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Published: March 19th 2007
Honda Bay, Palawan
Of all the places I’ve seen, Palawan won my heart. The pristine beaches, impressive landscapes and diverse marine life never cease to amaze me. I was astonished how clean and unspoiled are the surroundings. The atmosphere is very laid back and somewhat serene. It is the ultimate eco-tourist’s paradise.
Palawan is home to a number of indigenous groups with a strong sense of community. The locals are quite happy living a simple life. They are good-natured, very friendly, hospitable and dedicated in protecting and conserving the environment.
If only mainstream filipinos follow the lead of the people of Palawan when it comes to conserving and protecting mother-nature, then eco-tourism has a great potental to flourish in the Philippines.
We landed in Puerto Princesa (capital city of Palawan)
after an hour flight from Manila.
We checked-in at the Hotel Fleuris and arranged for a half-day Honda Bay Tour.
For 1000 pesos (AU$26 per person), we went island hopping, sight-seeing and snorkelling in the most fascinating islands of Honda Bay.
Our first island hop was on Snake Island. The island is a long stretch of white sandy beach shaped like a snake. The
Snake Island (Honday Bay)
Lifeguard Station & picnic area
beach is lined with nipa huts use as shelter and picnic ground. After having the packed lunch brought by our tour guide, we plunged into the wonderful underwater world in search for Nemo.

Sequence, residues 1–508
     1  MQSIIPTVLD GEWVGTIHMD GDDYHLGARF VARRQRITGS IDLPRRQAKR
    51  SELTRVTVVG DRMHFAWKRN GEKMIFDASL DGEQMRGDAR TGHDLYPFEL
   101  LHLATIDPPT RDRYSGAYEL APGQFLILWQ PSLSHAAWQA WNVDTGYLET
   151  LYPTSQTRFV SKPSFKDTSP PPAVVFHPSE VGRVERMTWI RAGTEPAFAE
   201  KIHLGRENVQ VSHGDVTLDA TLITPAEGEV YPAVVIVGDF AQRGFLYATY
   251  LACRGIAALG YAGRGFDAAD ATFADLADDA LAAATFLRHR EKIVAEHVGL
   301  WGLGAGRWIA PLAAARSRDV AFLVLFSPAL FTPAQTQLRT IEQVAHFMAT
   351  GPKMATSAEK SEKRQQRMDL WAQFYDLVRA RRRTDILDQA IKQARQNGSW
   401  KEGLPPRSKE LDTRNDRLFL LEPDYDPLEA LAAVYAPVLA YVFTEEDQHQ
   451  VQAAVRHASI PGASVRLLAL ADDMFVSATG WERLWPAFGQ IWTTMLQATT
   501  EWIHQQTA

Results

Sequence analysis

Snorkelling on Snake Island was by far the most surreal underwater experience I ever had. I’ve seen so many species of fish that I never knew existed. The fascinating rich and diverse marine life was unbelievable. Amid of my seascape exploration, I found myself following this fish in purplish colour, which seemed to have enchanted me. After hours of being mesmerised by myriad of marine life, I have completely forgotten my search for NEMO
- the clownfish that invaded the TV screen of every household with kids. To the contrary on how they were portrayed in the film, clownfish do not venture around. Their symbiotic relationship with their host, the anemones, keep them as far as 12inch away from their habitat on their entire lifetime. So for us to find Nemo, we have to locate the anemones. With the help of our tour guide Tata
who is very knowledgeable on the marine life and hot spots of the island, we finally found Nemo who was
Starfish Island (Honda Bay)
equally happy and curious to see us. Nemo went in and out of its home, watching our prying eyes. Tata gave me a piece of bread for the clownfish. I dived-in reaching out to Nemo with a piece of bread. I am happy to say that Nemo ate the bread with great enthusiasm.
Starfish Island was the second island we explored. It’s the breeding ground for millions of starfish. The island was just newly opened to the public. I found this island to have the most beautiful coral reef I’ve ever seen in my life. The corals are flourishing and so alive !